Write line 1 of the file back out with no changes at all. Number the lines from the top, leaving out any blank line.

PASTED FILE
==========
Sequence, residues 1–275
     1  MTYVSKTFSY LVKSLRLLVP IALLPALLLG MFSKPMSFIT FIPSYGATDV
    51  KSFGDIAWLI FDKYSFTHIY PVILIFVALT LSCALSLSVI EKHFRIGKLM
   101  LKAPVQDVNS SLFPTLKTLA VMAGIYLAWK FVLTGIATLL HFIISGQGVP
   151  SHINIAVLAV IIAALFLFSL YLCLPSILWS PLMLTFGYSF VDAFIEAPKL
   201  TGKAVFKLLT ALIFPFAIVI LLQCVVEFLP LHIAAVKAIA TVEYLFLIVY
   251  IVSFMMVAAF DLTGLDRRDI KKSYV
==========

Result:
Sequence, residues 1–275